2020 · Intellectual Property · International Trademark Law · IP Policy · Tobacco Plain Packaging · Trademark · Uncategorized

Does Article 20 of TRIPS require a Rigid & Exact Set of Factors to Determine Whether an Encumbrance is Unjustifiable?

Last week, I blogged about the recent decision of the WTO’s Appellate Body that upheld Australia’s  tobacco plain packaging measures. While the Appellate Body largely agreed with the earlier interpretation of both Articles 16(1) and 20 of the TRIPS Agreement by a dispute settlement panel (hereinafter, panel), there are some notable differences in the way that the Appellate Body approached the interpretation of the term ‘unjustifiably’ in Article 20. One of these key differences concerns the factors that are to be considered when determining whether an encumbrance is unjustifiable pursuant to Article 20 of the TRIPS Agreement and this will be the focus of this blog post.

Based on its own analysis, the panel developed a test consisting of three factors that in its view should be considered in determining whether the use of a trademark in the course of trade is being ‘unjustifiably’ encumbered by special requirements. According to the panel:

In light of the above, we find that a determination of whether the use of a trademark in the course of trade is being “unjustifiably” encumbered by special requirements should involve a consideration of the following factors:

      1. the nature and extent of the encumbrance resulting from the special requirements, bearing in mind the legitimate interest of the trademark owner in using its trademark in the course of trade and thereby allowing the trademark to fulfil its intended function;
      2. the reasons for which the special requirements are applied, including any societal interests they are intended to safeguard; and
      3. whether these reasons provide sufficient support for the resulting encumbrance.[1]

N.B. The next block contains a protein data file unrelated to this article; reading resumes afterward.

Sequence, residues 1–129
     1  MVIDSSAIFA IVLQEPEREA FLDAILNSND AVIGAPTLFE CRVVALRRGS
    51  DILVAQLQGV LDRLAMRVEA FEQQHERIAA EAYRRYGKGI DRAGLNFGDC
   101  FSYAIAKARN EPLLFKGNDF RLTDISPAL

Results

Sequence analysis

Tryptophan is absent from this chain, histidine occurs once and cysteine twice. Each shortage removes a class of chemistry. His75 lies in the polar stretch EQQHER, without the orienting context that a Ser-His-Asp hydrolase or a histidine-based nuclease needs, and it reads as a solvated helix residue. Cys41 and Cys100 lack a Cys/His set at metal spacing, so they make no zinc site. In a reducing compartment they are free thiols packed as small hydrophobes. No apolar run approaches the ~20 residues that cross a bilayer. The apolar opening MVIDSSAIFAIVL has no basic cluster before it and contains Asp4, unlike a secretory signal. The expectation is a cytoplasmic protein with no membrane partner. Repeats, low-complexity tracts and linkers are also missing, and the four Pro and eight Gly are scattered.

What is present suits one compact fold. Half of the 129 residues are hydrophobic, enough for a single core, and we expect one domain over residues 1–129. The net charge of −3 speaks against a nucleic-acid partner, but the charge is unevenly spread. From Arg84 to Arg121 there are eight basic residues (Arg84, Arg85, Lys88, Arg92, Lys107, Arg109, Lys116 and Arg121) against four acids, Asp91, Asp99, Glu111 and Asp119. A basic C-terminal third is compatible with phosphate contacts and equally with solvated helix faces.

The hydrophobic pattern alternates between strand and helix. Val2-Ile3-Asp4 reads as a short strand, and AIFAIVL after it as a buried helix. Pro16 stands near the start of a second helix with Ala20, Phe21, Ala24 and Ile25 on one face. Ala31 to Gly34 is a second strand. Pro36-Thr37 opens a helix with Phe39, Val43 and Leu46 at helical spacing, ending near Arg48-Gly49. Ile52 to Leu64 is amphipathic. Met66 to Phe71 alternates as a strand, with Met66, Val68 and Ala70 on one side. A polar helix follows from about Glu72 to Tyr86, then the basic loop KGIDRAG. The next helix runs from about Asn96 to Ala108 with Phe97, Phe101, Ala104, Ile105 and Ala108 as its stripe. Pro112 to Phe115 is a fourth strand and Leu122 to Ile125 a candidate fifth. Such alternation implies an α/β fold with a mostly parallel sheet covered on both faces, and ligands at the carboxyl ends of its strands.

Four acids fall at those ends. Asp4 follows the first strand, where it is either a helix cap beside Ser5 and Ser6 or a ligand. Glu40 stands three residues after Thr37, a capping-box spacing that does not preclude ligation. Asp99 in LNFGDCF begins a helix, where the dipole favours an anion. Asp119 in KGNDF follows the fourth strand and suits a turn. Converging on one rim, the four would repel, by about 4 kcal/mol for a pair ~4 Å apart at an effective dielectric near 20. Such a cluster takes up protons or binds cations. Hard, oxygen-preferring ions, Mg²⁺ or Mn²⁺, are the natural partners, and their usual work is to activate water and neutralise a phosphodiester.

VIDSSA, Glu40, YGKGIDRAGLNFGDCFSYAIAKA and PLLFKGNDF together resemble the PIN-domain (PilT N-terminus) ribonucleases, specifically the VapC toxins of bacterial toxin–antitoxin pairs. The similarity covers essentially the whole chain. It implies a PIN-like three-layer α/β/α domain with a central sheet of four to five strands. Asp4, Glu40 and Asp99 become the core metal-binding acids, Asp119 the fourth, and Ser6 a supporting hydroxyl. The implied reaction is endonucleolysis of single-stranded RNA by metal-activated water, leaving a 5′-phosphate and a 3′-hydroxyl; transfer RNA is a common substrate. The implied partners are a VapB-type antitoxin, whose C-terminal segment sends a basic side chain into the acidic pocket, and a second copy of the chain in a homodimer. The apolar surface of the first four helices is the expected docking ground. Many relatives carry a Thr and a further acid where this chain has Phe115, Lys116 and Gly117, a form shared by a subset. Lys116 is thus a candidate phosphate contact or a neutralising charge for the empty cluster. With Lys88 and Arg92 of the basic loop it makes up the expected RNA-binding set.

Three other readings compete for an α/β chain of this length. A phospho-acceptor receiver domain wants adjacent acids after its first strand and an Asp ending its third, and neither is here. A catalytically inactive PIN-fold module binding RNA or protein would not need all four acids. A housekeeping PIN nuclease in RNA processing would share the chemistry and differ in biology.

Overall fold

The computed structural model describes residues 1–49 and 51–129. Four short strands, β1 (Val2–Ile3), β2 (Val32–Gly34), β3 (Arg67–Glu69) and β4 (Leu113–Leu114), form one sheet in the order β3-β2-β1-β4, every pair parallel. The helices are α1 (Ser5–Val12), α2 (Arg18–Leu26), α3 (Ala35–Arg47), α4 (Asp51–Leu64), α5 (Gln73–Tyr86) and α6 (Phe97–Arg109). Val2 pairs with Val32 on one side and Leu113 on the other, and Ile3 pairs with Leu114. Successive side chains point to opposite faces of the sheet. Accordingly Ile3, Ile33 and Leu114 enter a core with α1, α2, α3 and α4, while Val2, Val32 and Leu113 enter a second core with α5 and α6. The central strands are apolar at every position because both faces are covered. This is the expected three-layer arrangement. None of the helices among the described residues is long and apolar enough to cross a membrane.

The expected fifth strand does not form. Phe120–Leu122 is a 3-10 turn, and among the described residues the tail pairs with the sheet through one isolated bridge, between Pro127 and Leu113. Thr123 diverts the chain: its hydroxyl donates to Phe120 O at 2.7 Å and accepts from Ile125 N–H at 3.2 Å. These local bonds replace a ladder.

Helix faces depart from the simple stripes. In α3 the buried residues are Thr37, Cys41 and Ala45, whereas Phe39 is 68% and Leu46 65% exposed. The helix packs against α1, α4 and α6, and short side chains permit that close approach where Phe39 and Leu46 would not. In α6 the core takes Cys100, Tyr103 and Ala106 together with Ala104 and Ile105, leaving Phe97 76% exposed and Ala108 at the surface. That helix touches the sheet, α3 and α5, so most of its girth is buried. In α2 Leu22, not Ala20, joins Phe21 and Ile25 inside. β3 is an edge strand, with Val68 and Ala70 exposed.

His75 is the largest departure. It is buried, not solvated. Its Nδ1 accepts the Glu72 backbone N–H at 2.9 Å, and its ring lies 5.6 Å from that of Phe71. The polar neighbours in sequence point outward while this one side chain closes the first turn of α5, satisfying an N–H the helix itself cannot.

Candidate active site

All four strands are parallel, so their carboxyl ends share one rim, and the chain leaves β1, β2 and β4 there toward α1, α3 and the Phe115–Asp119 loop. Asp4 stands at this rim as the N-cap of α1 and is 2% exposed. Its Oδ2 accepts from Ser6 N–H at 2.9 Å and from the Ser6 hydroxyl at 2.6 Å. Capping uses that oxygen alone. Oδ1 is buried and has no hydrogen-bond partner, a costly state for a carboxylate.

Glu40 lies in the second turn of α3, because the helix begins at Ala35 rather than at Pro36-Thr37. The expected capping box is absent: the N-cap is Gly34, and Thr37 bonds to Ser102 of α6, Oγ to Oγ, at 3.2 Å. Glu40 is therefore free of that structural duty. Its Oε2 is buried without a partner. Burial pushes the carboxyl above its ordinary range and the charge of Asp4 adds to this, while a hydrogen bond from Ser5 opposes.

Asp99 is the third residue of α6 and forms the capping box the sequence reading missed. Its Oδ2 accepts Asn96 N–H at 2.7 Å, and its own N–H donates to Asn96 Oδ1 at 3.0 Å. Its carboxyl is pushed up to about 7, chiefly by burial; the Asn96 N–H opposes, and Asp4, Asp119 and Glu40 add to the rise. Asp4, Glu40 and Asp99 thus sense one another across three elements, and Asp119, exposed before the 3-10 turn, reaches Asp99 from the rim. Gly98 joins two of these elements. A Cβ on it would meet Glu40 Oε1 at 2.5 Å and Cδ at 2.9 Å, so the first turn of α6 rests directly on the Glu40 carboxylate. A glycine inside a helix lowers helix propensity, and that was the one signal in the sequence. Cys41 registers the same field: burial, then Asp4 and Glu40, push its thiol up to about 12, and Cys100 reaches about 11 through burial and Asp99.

However, it is not entirely clear from the panel report whether, in determining if the use of a trademark is being unjustifiably encumbered, the consideration of these three factors is mandatory or not. Crucially, when the panel initially stated its three-factor test in the paragraph quoted above, it stated that ‘a determination of whether the use of a trademark in the course of trade is being “unjustifiably” encumbered by special requirements should involve a consideration of the following factors’.[2] This suggests that the three factors must considered. However, in a latter part of the same report, the panel seems to suggest that a consideration of these three factors is not mandatory. In this latter part of the report, the panel stated that:

…a consideration of whether the use of a trademark is “unjustifiably encumbered” will normally involve a consideration of various elements, including the nature and extent of the encumbrance arising from the special requirements at issue, the reasons for which these requirements are applied, and whether these reasons sufficiently support them.[3]

While this might be a case of using imprecise language to describe the same test, on appeal, the Appellate Body felt the need to clarify the situation and in this regard it expressed its preference for a less rigid test in determining whether the use of a trademark is unjustifiably encumbered. In a footnote, the Appellate Body observed that: